Honor the Absent

Classroom and School Posters: Social-Emotional Learning Poster Series | The  Master Teacher | The Master Teacher Awards & Gifts

Core scripture: “Like a club or a sword or a sharp arrow is one who gives false testimony against a neighbor.” (Proverbs 25:18)

Message: I was in college.  It was Spring Break of my senior year, and I was preparing for a road trip out to Colorado to go skiing with some buddies.  I remember walking down the hallway and hearing my name mentioned in a nearby room.  Curious, I crept close and put my ear to the door.

I recognized the voices immediately.  Four of the friends that were going on the trip with me were all talking.  About me.  All sorts of mean and nasty stuff.  Poking fun at me and saying things that cut straight to my heart.  I couldn’t bear it anymore, so I walked away, feeling defeated and shamed. 

Ever been there before?  Chances are you have.  Or, like me, you might fall on the other side at times.  You might take on the role of the slanderer.  With the victim not in the room, you feel it is safe to say anything you want.  Know this … when we speak, God is listening.  Matthew 12:36 states, “And I tell you this, you must give an account on judgment day for every idle word you speak.”

Speaker and author Tom Cody talks about honoring the absent in his Top 20 book.  Two questions come to mind when I think about the words I say.  First, do my words build up and encourage others when they are not present?  And second, how do I react when others speak about people in a negative light?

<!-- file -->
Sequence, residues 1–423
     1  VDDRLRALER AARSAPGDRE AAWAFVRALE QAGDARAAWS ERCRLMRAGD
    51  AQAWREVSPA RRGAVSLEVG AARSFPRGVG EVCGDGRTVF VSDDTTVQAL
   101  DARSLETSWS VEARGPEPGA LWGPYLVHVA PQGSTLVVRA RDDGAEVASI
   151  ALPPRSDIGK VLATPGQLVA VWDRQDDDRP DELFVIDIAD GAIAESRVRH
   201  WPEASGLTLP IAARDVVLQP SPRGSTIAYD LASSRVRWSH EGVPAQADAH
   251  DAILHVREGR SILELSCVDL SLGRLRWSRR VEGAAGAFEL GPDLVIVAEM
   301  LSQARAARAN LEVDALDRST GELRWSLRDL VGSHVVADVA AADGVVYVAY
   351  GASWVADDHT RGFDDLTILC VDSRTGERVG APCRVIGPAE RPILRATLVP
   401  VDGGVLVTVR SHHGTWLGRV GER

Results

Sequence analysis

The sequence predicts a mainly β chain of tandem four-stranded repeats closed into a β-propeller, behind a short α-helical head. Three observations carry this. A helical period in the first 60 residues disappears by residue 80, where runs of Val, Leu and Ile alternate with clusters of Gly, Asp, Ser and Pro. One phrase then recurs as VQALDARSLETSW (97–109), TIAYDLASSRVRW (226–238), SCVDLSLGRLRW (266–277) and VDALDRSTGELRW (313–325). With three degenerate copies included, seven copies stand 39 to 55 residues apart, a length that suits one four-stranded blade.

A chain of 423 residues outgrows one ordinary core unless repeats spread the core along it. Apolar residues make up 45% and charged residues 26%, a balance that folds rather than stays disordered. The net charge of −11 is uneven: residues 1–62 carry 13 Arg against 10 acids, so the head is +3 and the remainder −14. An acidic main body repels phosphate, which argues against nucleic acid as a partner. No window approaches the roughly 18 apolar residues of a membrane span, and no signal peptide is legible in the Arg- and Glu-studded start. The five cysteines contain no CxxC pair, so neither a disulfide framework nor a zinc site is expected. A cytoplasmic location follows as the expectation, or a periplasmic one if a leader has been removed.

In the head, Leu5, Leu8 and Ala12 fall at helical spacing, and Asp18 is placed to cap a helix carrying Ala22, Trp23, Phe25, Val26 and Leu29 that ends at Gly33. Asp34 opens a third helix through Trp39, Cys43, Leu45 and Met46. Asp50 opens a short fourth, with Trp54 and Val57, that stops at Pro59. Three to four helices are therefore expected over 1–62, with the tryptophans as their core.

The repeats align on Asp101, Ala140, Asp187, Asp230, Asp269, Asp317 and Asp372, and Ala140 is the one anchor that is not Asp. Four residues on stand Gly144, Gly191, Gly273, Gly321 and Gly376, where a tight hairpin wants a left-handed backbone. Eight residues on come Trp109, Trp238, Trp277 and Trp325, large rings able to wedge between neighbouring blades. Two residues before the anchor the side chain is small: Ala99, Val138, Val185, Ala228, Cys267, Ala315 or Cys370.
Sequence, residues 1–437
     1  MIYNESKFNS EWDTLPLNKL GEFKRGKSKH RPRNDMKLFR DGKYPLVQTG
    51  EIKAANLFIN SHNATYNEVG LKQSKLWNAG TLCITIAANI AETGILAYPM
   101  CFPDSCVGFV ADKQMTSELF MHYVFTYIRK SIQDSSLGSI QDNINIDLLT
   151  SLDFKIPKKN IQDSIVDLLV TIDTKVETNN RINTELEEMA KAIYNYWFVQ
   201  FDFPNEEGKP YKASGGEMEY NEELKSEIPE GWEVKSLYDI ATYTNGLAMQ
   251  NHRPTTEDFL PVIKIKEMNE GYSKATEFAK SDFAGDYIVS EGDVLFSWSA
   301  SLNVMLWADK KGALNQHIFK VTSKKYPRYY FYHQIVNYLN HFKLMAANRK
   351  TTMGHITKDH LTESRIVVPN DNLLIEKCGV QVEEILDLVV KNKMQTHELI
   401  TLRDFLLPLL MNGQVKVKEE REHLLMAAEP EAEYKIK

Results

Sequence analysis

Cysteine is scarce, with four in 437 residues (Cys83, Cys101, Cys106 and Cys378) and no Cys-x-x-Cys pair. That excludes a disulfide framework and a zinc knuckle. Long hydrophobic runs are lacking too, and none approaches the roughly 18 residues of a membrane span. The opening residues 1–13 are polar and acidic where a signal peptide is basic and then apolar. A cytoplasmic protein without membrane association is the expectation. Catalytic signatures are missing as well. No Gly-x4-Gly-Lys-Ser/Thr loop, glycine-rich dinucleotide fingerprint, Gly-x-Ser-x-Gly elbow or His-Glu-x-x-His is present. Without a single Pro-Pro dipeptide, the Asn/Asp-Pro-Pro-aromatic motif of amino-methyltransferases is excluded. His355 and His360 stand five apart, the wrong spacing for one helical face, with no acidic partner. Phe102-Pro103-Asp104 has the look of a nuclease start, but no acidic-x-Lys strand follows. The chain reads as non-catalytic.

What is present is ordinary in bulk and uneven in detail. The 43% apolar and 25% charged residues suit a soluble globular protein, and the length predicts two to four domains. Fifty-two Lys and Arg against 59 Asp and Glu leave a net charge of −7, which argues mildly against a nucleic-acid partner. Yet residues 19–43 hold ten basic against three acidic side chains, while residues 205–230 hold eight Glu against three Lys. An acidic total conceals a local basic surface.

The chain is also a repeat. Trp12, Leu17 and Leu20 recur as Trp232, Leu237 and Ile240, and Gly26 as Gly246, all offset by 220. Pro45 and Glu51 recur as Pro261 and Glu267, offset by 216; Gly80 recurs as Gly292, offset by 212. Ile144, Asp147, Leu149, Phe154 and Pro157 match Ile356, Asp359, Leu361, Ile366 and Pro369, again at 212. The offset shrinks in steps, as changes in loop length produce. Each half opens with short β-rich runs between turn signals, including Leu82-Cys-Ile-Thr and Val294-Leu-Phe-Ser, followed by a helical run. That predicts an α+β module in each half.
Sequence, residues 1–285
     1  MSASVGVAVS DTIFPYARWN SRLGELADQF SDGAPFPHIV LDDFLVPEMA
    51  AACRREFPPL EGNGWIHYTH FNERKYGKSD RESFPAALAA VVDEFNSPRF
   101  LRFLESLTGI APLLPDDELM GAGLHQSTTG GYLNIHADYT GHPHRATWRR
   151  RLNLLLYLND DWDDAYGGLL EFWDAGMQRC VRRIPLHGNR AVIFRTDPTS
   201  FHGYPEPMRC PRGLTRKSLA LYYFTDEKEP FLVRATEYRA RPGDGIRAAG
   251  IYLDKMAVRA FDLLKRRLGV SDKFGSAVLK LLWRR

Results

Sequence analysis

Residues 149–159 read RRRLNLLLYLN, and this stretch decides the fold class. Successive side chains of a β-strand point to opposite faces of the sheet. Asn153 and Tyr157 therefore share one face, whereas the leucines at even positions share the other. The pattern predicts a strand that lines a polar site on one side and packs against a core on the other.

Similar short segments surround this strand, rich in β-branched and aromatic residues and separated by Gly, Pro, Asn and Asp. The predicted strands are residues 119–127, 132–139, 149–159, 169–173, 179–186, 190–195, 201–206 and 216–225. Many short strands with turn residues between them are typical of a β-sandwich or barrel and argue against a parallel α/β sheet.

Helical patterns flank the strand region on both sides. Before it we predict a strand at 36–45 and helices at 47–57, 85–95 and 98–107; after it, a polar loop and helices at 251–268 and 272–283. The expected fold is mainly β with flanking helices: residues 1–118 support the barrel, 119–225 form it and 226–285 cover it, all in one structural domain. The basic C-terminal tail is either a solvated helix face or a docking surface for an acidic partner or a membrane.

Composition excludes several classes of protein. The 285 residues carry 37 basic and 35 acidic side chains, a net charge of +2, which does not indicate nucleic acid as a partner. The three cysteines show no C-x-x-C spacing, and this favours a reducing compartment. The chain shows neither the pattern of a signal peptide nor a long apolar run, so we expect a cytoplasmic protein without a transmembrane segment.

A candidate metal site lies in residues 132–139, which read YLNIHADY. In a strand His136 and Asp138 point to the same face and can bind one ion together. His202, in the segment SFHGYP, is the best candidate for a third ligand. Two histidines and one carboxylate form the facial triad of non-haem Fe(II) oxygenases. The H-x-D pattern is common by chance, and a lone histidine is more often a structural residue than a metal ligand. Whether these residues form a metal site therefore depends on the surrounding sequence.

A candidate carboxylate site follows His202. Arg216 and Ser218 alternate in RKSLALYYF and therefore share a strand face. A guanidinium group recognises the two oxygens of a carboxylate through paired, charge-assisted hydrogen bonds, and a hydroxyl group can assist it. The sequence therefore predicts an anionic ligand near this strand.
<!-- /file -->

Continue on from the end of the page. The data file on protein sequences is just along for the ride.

Your words reflect your heart.  Be positive.  Be encouraging.  Build others up in love.  Proverbs 16:24 states, “Gracious words are like a honeycomb, sweetness to the soul and health to the body.”  You never know if what you say about someone will be echoed to them later.  Let those words shared be sweet to their soul. 

We likewise must politely defend others who are not present.  If someone who is gone is shot down, lift them back up.  Say something positive about them.  Respectfully say something like, “I am not sure that was so kind to say about him.”  Redirect the conversation to a more positive light.

I mentioned in a blog earlier this year that little ears all around you are listening.  If you model negative talk in front of your students, they will follow suit.  If you season your words with positivity and support of the absent, students will hear that.  They will know your classroom is a safe place, and they will pass on loving words themselves. 

Challenge: Think about how you honor the absent.  Ask yourself the following questions.  Do you speak kind words about others when they are not around?  Or do you use that as an opportunity to slander them?  Do you politely stand up for those who are not being honored?

Video application: Watch this one-minute video about honoring the absent from Tom Cody himself. 

Other scripture:

  • Death and life are in the power of the tongue, and those who love it will eat its fruits.” (Proverbs 18:21)
  • A soft answer turns away wrath, but a harsh word stirs up anger.” (Proverbs 15:1)
  • With the tongue we praise our Lord and Father, and with it we curse human beings, who have been made in God’s likeness.  Out of the same mouth come praise and cursing. My brothers and sisters, this should not be.” (James 3:9-10)

Prayer: Father, forgive me when I do not speak kindly about others.  Let my words build others up in encouragement when they are not around.  Amen.

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